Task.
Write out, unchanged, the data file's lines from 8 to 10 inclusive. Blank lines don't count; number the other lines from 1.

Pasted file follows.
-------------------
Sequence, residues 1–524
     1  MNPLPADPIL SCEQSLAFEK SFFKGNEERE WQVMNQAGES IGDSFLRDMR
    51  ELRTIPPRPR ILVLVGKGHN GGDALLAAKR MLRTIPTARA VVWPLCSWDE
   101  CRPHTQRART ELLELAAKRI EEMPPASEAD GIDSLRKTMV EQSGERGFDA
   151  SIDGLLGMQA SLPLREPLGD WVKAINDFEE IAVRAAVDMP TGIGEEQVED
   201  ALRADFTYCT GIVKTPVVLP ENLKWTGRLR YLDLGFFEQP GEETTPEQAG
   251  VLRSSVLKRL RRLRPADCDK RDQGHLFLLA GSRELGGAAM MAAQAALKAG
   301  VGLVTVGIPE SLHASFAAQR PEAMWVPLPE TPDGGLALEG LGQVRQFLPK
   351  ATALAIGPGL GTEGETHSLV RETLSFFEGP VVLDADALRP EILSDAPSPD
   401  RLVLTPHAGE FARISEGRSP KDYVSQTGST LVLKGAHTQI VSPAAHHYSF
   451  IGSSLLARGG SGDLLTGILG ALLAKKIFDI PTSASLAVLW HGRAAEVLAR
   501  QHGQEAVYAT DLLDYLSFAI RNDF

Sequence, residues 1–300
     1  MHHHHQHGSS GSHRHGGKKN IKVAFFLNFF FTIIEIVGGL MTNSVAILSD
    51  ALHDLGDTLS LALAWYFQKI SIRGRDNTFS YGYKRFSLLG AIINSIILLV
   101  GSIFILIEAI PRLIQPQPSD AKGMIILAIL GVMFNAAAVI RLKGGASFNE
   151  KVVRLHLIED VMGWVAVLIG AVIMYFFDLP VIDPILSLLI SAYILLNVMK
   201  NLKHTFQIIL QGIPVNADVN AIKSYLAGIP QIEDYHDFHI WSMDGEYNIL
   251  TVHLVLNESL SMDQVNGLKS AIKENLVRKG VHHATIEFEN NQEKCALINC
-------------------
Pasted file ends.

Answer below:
   301  VGLVTVGIPE SLHASFAAQR PEAMWVPLPE TPDGGLALEG LGQVRQFLPK
   351  ATALAIGPGL GTEGETHSLV RETLSFFEGP VVLDADALRP EILSDAPSPD
   401  RLVLTPHAGE FARISEGRSP KDYVSQTGST LVLKGAHTQI VSPAAHHYSF